Title: The Science of Yoga: The Risks and the Rewards

Author: William J. Broad

Why I Read It: As a yoga practitioner and teacher, I have experienced the transformational power of the practice, so I was curious to see how Western science, a reductionist endeavor, would parcel out a holistic experience and to what effect.  The book looked and quacked like science when I flipped through it quickly at the bookstore. Besides, Yoga Journal said it was “a well-researched book that belongs in the library of every yogi” right on the book’s cover.  Surely I needed this?

Synopsis: The author, a journalist and yoga practitioner, gives a brief account of yoga’s history and describes some of the gurus’ claims on health, mood, healing, sex, and creativity.  He smatters in various sorts of research tidbits in the attempt to substantiate those claims or refute them.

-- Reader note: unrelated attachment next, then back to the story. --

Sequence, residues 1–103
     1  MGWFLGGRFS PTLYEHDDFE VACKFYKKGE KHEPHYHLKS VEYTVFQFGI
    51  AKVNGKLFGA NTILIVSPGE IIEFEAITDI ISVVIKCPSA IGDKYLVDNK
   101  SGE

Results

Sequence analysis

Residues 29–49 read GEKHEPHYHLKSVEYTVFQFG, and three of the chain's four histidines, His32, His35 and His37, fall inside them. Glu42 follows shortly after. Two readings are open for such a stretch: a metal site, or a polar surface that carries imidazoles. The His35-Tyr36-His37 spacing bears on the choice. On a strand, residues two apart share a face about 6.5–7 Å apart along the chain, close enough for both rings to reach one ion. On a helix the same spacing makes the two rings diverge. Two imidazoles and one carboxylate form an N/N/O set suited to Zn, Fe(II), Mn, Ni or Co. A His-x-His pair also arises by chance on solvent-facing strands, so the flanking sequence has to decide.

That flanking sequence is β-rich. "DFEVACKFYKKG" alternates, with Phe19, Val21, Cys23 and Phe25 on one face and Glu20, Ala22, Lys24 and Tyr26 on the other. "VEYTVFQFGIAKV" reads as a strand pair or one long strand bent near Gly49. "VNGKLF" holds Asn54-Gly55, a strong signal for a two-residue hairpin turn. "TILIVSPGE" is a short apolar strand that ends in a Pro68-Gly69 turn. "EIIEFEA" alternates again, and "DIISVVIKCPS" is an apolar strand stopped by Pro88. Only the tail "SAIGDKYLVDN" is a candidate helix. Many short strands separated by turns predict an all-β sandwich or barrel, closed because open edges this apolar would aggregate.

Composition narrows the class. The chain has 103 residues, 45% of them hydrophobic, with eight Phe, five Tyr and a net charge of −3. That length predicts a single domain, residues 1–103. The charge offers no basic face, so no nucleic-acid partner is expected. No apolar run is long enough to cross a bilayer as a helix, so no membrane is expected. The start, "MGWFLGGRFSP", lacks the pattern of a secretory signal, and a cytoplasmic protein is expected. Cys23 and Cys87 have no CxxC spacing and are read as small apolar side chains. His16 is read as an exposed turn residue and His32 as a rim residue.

Highlights: The book provides an introduction to some researchers and practitioners of interest.  The chapter on the risks of yoga was an original and helpful contribution that added to my knowledge base for particular poses.

Lowlights: If you’re going to use the word “science” in a book’s title, you really need to bring it. The science reporting here lacked rigor and clarity.  It was a mishmosh of personal anecdotes and poorly explained studies delivered with the sort of content and writing style better suited to a gossip magazine. I give you an example: “Ranjit Singh was an ugly little man who liked to surround himself with beautiful women” (p. 13).  What this has to do with yoga or science is beyond me. Also, I think the author tried to cover too many topics with too little depth and he was overly focused on the sensational (like the sophomoric chapter on sex) at the expense of the substantial.

 

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